October 11, 2008

Apocalypse Chow - Vietnam Food Pics

Over the golden week holiday, Grace and I had a wonderfully relaxing trip to Saigon and Mui Ne, a nearby beach resort. In Saigon we stayed near the river on Dong Khoi, a charming street which under its previous French colonial name, Rue Catinat, features in Graham Greene's classic novel The Quiet American. The area has a slight, but not affronting, tourist feel to it because of the heavy concentration of boutiques, cafes, spas and hotels. If asked, I'd have a hard time explaining what we did in Saigon because we spent nearly the entire time just walking around, alternating between sampling street food, shopping, relaxing in cafes, or just taking in the local vibe.

The sliced chili in the soy sauce really made this dish

The food in Vietnam was simply amazing. Other than nước mắm, a fermented fish sauce whose regional variants are common in all Southeast Asian cuisines, there aren't many ingredients that one might considerer characteristically Vietnamese. However, the preparation and the combinations and textures of the fresh ingredients give Vietnamese food a personality of its own.

Street food stalls are a perfect place to escape the rain and meet the locals

Most days began with several cups of cafe sua da, coffee with condensed milk and ice. Coffee sua da is the perfect antidote to Saigon's muggy weather, and at about USD 0.6 and enjoyed sitting on a plastic stool amid the bustle of the street, it beats Starbucks hands-down. Of course, we had pho and spring rolls, but we also tried to go beyond those well known favorites to some of the regional and country style dishes (lemon grass goat with caramelized onions was a surprisingly good combo), and even had an excellent chicken curry from an Indian street food vendor.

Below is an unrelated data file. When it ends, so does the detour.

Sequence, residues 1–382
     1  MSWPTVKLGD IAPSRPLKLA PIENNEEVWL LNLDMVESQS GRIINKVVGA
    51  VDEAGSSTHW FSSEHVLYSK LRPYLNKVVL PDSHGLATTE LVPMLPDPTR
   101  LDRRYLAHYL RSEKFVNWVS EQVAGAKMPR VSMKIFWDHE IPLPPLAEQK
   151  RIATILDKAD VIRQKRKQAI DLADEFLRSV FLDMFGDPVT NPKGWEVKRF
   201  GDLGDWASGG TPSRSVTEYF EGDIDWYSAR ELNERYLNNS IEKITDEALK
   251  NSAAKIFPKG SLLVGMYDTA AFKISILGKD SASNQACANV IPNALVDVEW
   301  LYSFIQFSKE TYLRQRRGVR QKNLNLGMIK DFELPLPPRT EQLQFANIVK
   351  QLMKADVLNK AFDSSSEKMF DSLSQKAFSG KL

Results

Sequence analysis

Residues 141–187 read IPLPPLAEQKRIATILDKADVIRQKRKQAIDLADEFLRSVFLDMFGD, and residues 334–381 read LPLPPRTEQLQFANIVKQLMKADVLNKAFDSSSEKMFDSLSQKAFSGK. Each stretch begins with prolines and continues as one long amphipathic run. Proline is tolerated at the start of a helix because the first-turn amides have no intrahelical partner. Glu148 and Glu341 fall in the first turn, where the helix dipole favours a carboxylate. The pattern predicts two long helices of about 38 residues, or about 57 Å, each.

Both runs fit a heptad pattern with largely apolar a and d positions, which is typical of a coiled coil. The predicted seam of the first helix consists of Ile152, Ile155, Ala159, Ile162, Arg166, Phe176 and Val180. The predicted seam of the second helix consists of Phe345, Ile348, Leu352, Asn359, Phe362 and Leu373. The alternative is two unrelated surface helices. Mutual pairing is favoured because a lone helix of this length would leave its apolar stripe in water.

This is a northern country-style dish of goat meat, which had very little gaminess, with lemon grass and caramelized onions; the quality of the meat is key with this dish.

After trying some of the home style dishes I was really annoyed that outside of Vietnam you only seem to find the more modern (Western) takes on Vietnamese cuisine. Fusion and "modern interpretations" have their place, but I'd prefer what the farmers eat any day.

The baguettes in Vietnam were nice and chewy; my favorite way to have baguettes was as a sandwich (banh mi) with pâté, several kinds of pork, and salad.

Baguettes go with nearly everything. After eating this curry, India has definitely moved up on my list of future travel destinations.

It's amazing what can be accomplished with a very basic setup and by focusing on only one dish.

Notice the joss sticks in the salt. We often forget how important salt is, and how difficult it was to acquire in earlier times; it's not surprising that it's still considered holy by some.

At night the horizon was speckled by the lights from fishing boats, with crews working hard and under sometimes dangerous conditions, to bring in the catch that made this meal possible.

The above basket is actually a single person boat, made from woven palm leaves daubed with mud to make the craft watertight. Fisherman who can't afford a boat to take them to deeper water fish from the shore in large teams of men, women and children (who mostly splashed around in the water). I wish I had taken pictures because the teamwork of this traditional method of fishing was a captivating spectacle. Several of the basket boats operated a few hundred meters offshore to place the nets and then tend them as they're pulled ashore. Teams of 10-20 performed the tiring work of pulling the nets in on long and sturdy ropes. If tug of war were a professional sport then these guys (and gals) would be the champs.

This was made in a cooking lesson. On the left is caramelized fish, a must try signature Vietnamese dish; on the right is sweet and sour fish with pineapple and okra (lady fingers).

In the end, we only scratched the culinary surface of what Vietnam has to offer. For the real deal on Vietnamese cuisine I suggest checking out Eating Asia, The Last Appetite, Noodle Pie, and Viet World Kitchen.

Apocalypse Chow II - Cafe Sua Da

Apocalypse Chow III - Cooking Lessons

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